- Overview of AIDD’s Longitudinal Data Collection Projects
November 27, 2012
For more than 20 years, AIDD has funded longitudinal data collection projects under its Projects of National Significance:
In fiscal year 2012, AIDD required the grantees of these three projects to collaborate with each other and work with AIDD to identify specific variables that will give the public an overview of each state regarding community integration and employment for people with intellectual and developmental disabilities. The purpose of this collaboration is to provide a brief description of trends, services, and opportunities for people with intellectual and developmental disabilities in each state. The outcome will be a link on the grantees’ web sites that will provide users with each state’s synopsis.
Data from these studies are collected on a national level and are used to identify areas of specific need, helping lawmakers and other stakeholders make the most educated policy and care decisions for individuals with developmental disabilities in the United States.
A brief overview of each project is provided in the following sections.
- The State of the States in Developmental Disabilities
Administered by the University of Colorado, this study was established in 1982 to investigate the determinants of public spending for intellectual and developmental disabilities services in the United States. The State of the States maintains a longitudinal record of revenue, spending, and programmatic trends at state and national levels for fiscal years 1977–2009. The project identifies quantitative data about the state of supports and services in the United States, including data on community services and supports, public and private institutions, fiscal efforts in states, and demand for services and supports.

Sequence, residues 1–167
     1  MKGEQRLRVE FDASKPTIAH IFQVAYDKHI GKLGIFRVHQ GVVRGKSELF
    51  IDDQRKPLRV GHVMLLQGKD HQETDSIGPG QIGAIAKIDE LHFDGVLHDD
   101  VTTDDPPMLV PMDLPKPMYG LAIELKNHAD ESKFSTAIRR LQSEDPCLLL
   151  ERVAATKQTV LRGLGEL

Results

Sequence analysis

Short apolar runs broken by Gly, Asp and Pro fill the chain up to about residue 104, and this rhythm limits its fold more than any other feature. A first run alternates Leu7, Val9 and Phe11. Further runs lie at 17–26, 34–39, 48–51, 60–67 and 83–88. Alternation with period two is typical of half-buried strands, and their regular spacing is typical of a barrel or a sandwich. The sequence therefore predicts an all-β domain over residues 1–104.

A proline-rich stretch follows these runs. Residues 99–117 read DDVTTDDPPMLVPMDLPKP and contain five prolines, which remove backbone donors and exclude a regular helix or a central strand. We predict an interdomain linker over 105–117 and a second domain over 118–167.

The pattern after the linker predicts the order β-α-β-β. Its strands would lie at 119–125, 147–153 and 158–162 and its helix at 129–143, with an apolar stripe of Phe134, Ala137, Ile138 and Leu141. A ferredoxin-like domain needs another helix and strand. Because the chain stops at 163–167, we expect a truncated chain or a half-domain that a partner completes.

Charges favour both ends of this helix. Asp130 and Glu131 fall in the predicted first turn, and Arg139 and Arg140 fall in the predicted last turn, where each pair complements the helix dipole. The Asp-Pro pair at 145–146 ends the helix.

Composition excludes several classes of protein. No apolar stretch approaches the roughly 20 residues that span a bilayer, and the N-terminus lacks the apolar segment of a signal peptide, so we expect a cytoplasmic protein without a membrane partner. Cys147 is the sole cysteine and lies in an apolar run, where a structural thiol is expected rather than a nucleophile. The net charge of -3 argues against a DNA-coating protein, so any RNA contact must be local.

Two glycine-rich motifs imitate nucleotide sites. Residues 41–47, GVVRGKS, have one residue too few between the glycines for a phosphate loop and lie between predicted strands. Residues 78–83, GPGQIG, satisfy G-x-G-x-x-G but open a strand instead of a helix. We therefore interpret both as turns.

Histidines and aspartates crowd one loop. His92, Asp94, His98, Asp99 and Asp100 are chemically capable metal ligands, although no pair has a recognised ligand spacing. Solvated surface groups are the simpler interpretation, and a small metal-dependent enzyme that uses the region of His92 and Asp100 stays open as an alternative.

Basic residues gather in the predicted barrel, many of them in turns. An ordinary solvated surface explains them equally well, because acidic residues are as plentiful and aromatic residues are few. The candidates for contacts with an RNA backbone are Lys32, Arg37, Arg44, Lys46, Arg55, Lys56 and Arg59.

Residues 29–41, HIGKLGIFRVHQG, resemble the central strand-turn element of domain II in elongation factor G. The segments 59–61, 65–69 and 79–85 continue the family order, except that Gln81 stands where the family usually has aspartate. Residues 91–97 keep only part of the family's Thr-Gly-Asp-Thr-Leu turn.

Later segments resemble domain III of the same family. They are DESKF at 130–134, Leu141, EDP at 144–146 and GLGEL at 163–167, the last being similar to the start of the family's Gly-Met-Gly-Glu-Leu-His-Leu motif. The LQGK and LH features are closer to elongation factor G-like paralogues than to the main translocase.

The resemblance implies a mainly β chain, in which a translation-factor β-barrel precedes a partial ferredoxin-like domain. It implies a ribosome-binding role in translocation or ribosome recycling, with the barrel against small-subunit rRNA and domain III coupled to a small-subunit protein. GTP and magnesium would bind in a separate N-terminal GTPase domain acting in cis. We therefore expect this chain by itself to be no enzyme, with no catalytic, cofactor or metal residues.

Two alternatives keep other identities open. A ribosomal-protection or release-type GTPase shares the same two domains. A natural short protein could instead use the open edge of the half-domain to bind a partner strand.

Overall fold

Access to Integrated Employment: National Data Collection on Day and Employment Services for Citizens with Intellectual and Developmental Disabilities
This study has been in place since 1988, extending research describing day and employment services for individuals with developmental disabilities and contributing to an understanding of the factors that influence employment at the individual, service provider, and state levels. Conducted by the Institute for Community Inclusion at the University of Massachusetts Boston, the project assesses the employment and economic status of individuals with disabilities as well as the effectiveness of state intellectual and developmental disabilities agencies and vocational rehabilitation agencies in promoting the full inclusion of individuals with developmental disabilities through employment and other community activities.
The National Residential Information System Project (RISP)
RISP continues more than 20 years of analysis of annual state-by-state and national statistics on residential services for people with developmental disabilities, including state and non-state institutional settings and community and home-based residential services. The research is conducted through the University of Minnesota’s Research and Training Center on Residential Services and Community Living Institute on Community Integration.
- National Data Measurement Project: National Core Indicators
September 30, 2011